Report: Beauty premium affects income levels

personal income

Physically attractive people make more money than perceived less attractive people, a new study from the Tippie College of Business finds.

The study used 3D body scan technology to determine body shape and then compared those shapes to the person’s income. The results showed an income premium for men who are taller, while women who are overweight pay an income penalty.

For every increase in height by one centimeter corresponds to a $998 increase in family income in a family that earns $70,000. Researchers also found that, for women, every one-unit decrease in Body Mass Index is associated with a $934 increase in family income in a family that earns $70,000.

The report confirms the “beauty premium” phenomenon, says Suyong Song, associate professor of economics and finance for the Tippie College of Business. The theory says people who are considered attractive get workplace and social benefits that are unavailable to those considered unattractive. These benefits can be better jobs and higher salaries.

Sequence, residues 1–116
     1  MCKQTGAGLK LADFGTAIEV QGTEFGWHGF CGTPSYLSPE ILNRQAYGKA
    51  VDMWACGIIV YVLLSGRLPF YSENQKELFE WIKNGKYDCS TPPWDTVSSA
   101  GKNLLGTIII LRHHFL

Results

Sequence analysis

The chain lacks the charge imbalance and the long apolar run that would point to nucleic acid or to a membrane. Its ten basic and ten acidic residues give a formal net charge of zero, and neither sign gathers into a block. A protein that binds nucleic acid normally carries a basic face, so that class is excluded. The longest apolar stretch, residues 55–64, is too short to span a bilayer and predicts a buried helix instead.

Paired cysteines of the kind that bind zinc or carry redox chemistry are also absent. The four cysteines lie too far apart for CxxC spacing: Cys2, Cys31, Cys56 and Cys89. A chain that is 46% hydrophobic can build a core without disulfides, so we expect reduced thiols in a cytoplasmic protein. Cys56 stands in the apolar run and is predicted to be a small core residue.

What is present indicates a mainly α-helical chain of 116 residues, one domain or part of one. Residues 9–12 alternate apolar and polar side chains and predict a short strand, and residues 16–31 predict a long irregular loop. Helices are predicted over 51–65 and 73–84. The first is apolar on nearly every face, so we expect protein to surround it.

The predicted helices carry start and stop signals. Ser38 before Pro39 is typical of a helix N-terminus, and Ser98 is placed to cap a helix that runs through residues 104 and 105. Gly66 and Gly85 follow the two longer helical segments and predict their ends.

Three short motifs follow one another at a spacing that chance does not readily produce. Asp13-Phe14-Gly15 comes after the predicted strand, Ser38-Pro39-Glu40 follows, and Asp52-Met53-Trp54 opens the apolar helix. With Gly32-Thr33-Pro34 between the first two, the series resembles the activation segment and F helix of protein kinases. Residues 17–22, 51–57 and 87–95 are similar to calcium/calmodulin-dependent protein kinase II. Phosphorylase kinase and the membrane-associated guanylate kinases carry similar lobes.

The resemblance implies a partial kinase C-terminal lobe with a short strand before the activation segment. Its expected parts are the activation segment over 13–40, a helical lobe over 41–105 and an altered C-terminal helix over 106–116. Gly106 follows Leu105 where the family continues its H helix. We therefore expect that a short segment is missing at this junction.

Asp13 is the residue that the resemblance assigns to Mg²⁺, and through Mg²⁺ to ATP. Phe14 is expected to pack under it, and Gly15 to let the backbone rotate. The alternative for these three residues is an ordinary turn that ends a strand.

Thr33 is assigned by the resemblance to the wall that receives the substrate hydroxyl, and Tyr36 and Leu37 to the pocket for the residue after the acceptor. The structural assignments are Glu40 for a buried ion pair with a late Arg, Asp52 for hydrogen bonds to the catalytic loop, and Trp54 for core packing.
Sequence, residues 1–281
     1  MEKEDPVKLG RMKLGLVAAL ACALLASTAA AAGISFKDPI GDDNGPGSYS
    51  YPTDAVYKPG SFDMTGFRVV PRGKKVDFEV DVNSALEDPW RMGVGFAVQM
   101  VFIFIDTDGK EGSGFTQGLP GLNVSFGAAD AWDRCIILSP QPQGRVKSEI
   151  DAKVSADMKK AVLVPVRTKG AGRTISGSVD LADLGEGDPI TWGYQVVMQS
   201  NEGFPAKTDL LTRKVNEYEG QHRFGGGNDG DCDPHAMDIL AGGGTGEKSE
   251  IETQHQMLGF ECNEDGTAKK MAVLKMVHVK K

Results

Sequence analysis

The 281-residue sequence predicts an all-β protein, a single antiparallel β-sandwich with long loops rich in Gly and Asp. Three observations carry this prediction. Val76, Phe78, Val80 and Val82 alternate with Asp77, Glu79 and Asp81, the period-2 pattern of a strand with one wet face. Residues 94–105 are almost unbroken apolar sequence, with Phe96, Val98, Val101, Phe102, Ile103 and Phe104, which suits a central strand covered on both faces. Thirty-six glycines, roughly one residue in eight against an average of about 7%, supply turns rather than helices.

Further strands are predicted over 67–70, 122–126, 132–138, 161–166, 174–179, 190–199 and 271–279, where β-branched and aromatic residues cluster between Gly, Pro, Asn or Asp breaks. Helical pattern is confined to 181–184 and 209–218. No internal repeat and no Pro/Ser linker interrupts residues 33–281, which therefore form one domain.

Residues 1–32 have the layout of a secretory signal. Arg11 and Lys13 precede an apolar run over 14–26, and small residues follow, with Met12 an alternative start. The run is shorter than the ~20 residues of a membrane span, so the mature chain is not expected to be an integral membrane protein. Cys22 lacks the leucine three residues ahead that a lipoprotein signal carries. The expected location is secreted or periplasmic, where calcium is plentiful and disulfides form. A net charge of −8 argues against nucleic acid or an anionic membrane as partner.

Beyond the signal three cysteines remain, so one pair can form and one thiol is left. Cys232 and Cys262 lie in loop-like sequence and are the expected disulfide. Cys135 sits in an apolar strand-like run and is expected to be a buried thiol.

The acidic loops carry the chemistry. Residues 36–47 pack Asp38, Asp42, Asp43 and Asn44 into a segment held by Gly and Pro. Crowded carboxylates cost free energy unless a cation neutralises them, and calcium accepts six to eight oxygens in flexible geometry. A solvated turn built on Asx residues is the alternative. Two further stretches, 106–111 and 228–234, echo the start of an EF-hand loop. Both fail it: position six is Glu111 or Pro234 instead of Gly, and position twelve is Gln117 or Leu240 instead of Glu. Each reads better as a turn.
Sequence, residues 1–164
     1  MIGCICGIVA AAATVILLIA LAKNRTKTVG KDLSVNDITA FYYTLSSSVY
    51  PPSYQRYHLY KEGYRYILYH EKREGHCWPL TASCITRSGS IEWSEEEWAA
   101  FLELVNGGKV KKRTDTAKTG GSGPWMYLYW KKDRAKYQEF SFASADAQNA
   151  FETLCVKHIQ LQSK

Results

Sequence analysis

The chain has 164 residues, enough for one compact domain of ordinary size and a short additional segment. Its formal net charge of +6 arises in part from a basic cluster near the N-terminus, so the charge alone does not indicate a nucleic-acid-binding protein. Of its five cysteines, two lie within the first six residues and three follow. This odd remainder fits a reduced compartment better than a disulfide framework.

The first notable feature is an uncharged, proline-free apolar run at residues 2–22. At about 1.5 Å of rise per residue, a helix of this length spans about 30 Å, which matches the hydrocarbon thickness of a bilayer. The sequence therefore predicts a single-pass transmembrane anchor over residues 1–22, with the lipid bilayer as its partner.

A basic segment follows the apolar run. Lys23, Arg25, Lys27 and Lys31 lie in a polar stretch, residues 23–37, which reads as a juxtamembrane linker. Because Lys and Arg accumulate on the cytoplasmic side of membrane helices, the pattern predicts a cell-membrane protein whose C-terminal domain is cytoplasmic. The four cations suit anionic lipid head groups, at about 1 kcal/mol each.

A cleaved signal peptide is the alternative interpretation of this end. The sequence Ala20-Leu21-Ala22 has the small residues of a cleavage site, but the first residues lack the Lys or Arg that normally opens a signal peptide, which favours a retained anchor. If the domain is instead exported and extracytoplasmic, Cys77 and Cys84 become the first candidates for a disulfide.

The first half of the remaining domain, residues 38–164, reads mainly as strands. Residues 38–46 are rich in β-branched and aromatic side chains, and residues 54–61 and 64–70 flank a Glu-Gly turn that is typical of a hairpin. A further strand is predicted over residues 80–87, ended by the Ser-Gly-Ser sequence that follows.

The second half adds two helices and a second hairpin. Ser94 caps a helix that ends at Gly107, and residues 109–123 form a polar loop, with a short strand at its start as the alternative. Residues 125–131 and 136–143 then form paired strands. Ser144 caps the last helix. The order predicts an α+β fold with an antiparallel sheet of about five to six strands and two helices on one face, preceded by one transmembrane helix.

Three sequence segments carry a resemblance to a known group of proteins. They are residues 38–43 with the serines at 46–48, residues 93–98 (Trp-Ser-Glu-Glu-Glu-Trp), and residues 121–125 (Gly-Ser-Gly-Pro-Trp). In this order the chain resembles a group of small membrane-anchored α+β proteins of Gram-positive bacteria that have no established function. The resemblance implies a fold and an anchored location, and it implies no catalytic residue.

Using machine learning, the researchers compared body shape to family income and found the link. Mr. Song says the study shows the need for public policies that reduce bias based on appearance in the labor market. He says that workplace training should promote awareness of discrimination based on appearance which people may not even be aware they have, and that hiring and promotion processes should use more tools like blind interviews to reduce potential bias.

The study, “Body Shape Matters: Evidence from machine learning on body shape-income relationship,” was published in the journal PLOS One. It was co-authored by Stephen Baek, associate professor at the University of Virginia.